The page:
Wednesday, January 2, 2013

Sigma 50-150 F2.8 lens

I was never a DSLR guy.  There, I said it.  I totally and completely skipped the DSLR video craze. 
Shooting video with a still camera?  I was probably the only person in the modern world who didn't
shoot on a DSLR and stayed with video cameras.   I'm kind of glad I waited for big sensor proper video cameras, I'm not a professional stills shooter, I don't understand DSLR's like I do video cameras.  But now I have some catching up to do in regards to lenses.  You see, most lenses that you will be using on the large sensor video cameras, are still lenses (unless you reside in the big budget world and can afford PL mount lenses, and the Epic, and the Alexa, in which case, I HATE you! :-)  The problems with still lenses for video are many, short focus throws, jerky zooms, varifocal instead of parfocal and more.  But in the process of my research, I heard a few interesting tidbits about a certain lens.  Now these legends were referring to the older Sigma 50-150 F2.8.  It has been discontinued in favor of the newer  Sigma 50-150 which is much bigger and heavier (more on that later).  The legend goes, that this is the lens that Red 'rehoused' to make their 50-150 Red Pro Zoom.  I have no idea if this is true.  But after seeing pictures of it online, I thought it might be nice to have as a 'mid telephoto' for my FS 100.  It seemed pretty small and compact for a telephoto lens.  This can be nice when you don't want to 'build up' your camera with rails and a lens support.  Of course, if the lens is big and heavy, you NEED to build it up, as you don't want to put to much stress on the little E-mount on the FS100.  Most telephoto zooms are big and heavy.  This is one of the only ones that is a F2.8 and reaches out to 150mm and stays relatively small.  Alas, they are not easy to find nowdays, I looked all over eBay and in the used section of most lens stores around the country.  Finally, I got lucky and saw a '9+' condition one come up for sale at B&H for $570.  

Now, many of you probably realize, this lens
does NOT come in a Sony E-mount.  You
can get it in either a Nikon mount, a Sony A-mount, or a Canon EF mount, and then get 
a Novoflex adapter (for Nikon mount), a Sony LA EA1 or LA EA2 for Sony E to A mount 
adapter, or a Metabones Canon EF mount to E-mount adapter.  Each of these offers some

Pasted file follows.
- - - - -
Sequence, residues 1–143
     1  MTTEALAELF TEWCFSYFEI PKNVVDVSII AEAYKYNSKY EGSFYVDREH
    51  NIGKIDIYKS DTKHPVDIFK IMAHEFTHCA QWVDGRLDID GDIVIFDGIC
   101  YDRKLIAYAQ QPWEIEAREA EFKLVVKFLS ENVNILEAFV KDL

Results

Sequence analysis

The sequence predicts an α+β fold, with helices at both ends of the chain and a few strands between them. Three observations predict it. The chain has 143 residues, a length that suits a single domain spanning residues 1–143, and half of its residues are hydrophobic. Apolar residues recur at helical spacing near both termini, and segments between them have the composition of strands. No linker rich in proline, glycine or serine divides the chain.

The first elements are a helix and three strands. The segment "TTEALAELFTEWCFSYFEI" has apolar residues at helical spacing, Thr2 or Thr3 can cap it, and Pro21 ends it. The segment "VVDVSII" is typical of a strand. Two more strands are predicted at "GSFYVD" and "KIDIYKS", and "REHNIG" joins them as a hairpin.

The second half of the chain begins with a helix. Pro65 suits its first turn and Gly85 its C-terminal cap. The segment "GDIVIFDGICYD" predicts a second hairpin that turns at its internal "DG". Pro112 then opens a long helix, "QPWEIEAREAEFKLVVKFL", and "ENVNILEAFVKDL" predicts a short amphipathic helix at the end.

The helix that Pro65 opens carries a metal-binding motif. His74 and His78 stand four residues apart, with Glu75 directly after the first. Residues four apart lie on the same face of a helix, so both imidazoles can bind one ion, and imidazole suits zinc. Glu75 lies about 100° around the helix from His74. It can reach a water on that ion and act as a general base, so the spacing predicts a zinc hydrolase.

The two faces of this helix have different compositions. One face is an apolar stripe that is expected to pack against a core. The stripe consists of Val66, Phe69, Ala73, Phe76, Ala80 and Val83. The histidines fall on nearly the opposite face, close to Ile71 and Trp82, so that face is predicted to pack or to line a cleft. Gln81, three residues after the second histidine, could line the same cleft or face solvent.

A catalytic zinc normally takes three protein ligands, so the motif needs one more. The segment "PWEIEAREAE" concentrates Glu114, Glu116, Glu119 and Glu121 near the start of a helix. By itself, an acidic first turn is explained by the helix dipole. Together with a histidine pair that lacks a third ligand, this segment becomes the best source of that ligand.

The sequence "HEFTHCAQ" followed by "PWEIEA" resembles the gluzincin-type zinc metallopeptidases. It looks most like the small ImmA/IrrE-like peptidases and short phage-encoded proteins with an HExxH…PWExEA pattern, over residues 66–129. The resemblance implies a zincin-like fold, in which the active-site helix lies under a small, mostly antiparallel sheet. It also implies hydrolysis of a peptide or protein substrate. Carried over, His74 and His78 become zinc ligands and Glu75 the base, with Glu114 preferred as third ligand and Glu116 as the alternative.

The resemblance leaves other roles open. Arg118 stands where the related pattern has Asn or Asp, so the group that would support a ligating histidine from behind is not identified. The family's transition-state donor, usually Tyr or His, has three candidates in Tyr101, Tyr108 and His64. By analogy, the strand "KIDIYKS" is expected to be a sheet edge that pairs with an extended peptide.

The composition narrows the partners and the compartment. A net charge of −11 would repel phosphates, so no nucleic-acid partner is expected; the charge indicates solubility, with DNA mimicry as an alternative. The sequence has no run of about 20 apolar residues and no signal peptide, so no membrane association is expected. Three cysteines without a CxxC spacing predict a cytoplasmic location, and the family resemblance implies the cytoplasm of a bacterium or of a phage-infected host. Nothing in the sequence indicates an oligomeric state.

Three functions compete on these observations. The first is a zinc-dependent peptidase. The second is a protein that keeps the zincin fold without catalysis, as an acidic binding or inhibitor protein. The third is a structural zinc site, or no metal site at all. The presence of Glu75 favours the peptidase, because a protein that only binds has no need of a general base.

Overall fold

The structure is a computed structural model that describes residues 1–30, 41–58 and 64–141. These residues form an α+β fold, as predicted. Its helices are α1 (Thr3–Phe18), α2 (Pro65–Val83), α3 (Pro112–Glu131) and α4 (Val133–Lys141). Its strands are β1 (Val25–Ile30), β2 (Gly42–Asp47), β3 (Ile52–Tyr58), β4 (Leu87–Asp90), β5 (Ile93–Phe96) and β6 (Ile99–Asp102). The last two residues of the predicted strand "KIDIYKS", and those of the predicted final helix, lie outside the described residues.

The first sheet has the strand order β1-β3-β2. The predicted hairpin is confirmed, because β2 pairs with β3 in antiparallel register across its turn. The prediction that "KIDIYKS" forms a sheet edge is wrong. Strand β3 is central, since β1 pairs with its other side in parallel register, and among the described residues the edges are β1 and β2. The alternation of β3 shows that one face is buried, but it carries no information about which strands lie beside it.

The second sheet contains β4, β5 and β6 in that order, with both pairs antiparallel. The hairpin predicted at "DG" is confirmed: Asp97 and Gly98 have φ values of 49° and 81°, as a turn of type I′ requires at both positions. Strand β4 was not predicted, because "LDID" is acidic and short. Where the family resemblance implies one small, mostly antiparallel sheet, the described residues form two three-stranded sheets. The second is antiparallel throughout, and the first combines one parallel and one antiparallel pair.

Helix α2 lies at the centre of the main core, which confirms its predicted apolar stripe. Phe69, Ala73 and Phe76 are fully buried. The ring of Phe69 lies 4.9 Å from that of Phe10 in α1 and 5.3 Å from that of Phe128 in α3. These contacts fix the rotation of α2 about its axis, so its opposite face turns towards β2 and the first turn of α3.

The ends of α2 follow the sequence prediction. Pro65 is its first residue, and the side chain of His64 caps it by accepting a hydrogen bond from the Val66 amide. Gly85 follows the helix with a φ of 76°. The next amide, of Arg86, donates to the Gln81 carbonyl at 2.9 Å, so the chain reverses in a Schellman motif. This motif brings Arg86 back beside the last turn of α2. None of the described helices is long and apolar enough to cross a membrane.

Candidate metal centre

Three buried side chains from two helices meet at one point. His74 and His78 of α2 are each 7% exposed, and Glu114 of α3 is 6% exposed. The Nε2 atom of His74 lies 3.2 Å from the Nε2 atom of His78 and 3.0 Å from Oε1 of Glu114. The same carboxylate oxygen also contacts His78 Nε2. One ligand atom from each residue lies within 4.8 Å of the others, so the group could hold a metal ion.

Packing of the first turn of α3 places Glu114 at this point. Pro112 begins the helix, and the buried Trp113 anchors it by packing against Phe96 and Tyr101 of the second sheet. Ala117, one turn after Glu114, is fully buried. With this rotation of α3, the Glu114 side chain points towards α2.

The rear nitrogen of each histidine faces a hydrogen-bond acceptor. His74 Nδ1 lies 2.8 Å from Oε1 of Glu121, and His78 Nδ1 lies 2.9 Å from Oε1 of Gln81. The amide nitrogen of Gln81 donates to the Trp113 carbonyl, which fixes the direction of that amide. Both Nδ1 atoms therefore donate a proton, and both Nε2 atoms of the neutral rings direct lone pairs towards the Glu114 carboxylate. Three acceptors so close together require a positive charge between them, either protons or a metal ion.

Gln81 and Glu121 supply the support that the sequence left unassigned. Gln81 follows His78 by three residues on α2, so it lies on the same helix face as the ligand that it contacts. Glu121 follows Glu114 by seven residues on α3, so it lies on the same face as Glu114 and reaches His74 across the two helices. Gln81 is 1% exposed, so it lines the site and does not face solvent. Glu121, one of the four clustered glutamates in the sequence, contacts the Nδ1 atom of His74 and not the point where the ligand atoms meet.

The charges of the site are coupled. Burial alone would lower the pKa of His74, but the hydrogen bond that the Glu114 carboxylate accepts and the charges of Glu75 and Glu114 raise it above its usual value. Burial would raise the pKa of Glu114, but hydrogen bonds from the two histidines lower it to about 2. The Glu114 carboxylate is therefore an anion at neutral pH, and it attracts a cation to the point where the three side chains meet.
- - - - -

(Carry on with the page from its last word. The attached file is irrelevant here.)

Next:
advantages and disadvantages as well as
different price points, and I will be talking
about and reviewing these adapters in another post.  But for now, lets just say that the Sony
LA EA2 adapter will give you autofocus ability (which is an advantage for Sony A mount lenses) and the Metabones will give you image
stabilization (which is an advantage for Canon EF mount lenses).  That's kind of the summary of it.  Unfortunately, this lens does NOT have built in IS, so you can't get image stabilization (more on that later).  But the one B&H had was a Canon EF mount, and as I own the Metabones adapter, I knew that I would at least get iris control, so I quickly bought it.  
So lets go through the pros and cons of the lens.
First, the cons.  The biggest thing to me, is
that it has no image stabilization.  When you have it zoomed in to 150mm, it is going to shake, unless you are on a tripod.  On the kit lens, I can be at 200mm and be rock steady with Sony's active IS.  Now the new version of the Sigma 50-150 DOES have IS, BUT it is as big and heavy as a 70-200.  So I am guessing that you have to give up the IS to get the smaller and lighter lens.  This is a shame, because with the small, light lens, it is just begging for you to go handheld, but you can't without getting some wobbles.
And it is long enough to cause the camera to be a little front heavy.  But really, that's it. That's because this is positively one of the BEST stills lens that you can buy for a motion picture camera.
No joke.  If you find one, buy it and send me a $5 donation for pointing you in the right direction.